Complete Guide to Travel Nursing

Travel nurses are registered nurses who fill short term positions where hospitals and clinics are unable to hire locally. Unlike full-time staff nurses, travel nurses are often employed by staffing agencies and not the hospital or facility where they work.

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Leaving a full-time nursing position to become a travel nurse is a big decision. But for the right person, travel nursing can be a rewarding career choice. As a travel nurse, you will serve communities who need you. Professionally, travel nursing can help you advance your career and increase your salary. And on a personal level, travel nursing offers the opportunity to explore the world and make lifelong friends.

This guide will include everything you need to become a travel nurse, including finding a job and finding housing. Take a deep breath, read on, and get ready for a life changing adventure.

Travel nurses are registered nurses who fill short term positions where hospitals and clinics are unable to hire locally. Unlike full-time staff nurses, travel nurses are often employed by staffing agencies and not the hospital or facility where they work. Assignments are typically 13 weeks long, but they can vary in length. Some could be as short as four weeks or as long as 26 weeks. Depending on a nurse’s performance and the facility’s needs, travel nurses can also sign on for another assignment. The need for travel nursing comes from a nationwide nursing shortage. The shortage stems from numerous reasons, including an education bottleneck, retiring nurses and an aging patient population. Not all states are equally impacted, however. According to the Department of Health and Human Services, California and Texas will be short 44,500 and 15,900 nurses respectively by 2030. Florida and Ohio, on the other hand, will have nursing surpluses.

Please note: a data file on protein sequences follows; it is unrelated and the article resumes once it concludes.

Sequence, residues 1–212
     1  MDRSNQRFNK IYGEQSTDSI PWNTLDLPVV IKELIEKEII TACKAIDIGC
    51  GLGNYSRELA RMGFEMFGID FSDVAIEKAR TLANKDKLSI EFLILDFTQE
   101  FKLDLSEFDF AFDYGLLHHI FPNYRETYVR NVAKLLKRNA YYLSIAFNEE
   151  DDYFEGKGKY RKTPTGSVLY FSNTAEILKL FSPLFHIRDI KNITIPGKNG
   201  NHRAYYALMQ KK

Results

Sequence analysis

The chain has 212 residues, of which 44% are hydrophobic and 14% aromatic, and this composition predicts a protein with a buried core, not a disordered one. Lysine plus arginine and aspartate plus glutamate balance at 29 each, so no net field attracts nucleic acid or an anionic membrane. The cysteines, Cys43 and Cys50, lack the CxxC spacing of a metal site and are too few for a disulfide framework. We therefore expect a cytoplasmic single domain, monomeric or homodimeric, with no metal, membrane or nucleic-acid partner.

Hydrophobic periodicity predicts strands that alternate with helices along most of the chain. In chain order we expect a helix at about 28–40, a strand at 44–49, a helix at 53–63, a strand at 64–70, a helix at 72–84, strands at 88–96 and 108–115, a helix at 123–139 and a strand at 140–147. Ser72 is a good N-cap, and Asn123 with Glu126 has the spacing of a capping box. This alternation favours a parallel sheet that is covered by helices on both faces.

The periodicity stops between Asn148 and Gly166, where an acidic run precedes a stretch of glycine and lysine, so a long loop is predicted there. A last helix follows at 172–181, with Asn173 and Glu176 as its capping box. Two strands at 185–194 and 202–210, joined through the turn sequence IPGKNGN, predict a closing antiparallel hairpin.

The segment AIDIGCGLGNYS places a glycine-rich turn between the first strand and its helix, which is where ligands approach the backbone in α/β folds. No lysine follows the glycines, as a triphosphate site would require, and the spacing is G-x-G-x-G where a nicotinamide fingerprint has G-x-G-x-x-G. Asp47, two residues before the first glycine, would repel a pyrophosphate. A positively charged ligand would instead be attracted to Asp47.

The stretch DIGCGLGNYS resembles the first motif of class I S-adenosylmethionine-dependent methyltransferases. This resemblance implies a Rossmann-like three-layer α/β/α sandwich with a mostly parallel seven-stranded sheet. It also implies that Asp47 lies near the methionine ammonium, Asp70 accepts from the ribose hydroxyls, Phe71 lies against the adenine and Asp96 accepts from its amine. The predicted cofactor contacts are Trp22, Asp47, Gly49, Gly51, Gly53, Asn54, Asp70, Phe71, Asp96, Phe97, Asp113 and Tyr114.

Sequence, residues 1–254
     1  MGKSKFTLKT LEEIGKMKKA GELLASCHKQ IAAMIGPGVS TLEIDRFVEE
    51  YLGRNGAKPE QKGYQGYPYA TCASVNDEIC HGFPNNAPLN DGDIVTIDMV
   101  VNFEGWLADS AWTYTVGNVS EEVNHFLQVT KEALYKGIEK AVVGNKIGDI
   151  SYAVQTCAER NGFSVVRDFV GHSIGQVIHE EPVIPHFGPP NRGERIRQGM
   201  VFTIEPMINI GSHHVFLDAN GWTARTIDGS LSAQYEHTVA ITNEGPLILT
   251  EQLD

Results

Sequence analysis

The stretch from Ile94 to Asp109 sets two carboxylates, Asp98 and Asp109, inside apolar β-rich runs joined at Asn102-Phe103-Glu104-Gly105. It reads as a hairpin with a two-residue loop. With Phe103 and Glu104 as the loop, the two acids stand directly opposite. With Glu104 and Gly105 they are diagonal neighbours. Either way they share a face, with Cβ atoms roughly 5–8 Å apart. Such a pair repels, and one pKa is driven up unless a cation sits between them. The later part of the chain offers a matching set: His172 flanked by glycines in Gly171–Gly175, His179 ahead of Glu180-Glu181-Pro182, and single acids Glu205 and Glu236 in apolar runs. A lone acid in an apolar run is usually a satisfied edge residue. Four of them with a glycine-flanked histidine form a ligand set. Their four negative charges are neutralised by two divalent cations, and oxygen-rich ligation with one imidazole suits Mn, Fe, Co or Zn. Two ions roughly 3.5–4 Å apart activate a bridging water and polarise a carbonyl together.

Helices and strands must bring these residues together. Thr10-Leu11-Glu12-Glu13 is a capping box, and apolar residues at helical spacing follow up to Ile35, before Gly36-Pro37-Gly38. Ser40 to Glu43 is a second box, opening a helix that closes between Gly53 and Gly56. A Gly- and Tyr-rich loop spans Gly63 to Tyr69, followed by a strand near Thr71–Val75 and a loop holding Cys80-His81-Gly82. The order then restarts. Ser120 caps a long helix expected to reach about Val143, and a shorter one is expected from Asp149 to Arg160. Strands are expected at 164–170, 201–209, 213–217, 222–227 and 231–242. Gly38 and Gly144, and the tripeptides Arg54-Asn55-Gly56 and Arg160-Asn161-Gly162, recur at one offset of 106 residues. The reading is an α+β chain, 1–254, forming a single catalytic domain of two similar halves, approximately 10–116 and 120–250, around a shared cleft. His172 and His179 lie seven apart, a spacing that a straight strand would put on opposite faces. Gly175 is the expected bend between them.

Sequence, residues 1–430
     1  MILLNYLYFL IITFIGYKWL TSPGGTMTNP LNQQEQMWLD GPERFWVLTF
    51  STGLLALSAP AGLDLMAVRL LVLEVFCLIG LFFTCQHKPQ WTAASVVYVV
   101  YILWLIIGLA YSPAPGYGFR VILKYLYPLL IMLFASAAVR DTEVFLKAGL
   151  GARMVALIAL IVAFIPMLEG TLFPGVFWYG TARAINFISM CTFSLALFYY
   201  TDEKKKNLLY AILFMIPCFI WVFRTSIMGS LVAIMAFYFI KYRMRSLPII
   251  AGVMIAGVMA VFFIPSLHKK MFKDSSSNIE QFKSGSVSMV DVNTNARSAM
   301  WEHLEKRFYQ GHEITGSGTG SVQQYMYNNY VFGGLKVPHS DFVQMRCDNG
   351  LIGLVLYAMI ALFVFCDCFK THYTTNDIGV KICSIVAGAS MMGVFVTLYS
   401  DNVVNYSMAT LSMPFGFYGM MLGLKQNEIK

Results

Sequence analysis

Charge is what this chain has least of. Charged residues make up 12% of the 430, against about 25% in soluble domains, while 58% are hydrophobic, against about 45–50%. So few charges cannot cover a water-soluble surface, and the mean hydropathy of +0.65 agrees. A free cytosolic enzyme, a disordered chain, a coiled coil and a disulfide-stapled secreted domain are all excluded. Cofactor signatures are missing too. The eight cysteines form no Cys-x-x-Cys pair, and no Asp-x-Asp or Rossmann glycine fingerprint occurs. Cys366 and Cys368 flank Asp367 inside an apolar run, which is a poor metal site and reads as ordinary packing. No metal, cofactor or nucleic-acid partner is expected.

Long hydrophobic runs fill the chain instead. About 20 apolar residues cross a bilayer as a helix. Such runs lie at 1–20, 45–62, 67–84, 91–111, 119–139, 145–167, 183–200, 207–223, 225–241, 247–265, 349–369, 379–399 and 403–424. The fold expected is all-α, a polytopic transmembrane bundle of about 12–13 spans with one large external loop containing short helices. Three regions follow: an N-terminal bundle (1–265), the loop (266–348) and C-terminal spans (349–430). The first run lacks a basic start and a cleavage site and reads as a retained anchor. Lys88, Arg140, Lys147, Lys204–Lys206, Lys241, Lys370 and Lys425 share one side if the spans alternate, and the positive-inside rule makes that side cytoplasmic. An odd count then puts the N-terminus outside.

How do you become a travel nurse?

Your path to becoming a travel nurse depends on where you are in your nursing career. If you're already working, congrats! It will be easy to find a travel nursing assignment. If you're at the beginning of your nursing career, don't fret. The path might be long, but it's straight forward.

Nursing degree and License

To become a travel nurse, you first need a nursing degree. Although some positions allow for Associate of Science in Nursing (ASN) degrees or Associates Degree in Nursing (ADN), most prefer a Bachelor of Science in Nursing.Once you have a nursing degree, you need to pass the NCLEX-RN exam. The NCLEX-RN exam is the nationwide licensing exam for both Canada and the United States. When you take the exam, you must apply for licensing with the state where you live or where you want to work.

Work Experience

In addition to getting your degree and your license, you will need experience to become a travel nurse. Most travel nurse positions require at least one year of experience in the specialty applied for. ICU, ER and Labor & Delivery are some specialties that are frequently in demand. However, it’s best to speak with your recruiter to determine what positions are available and a good fit.

State License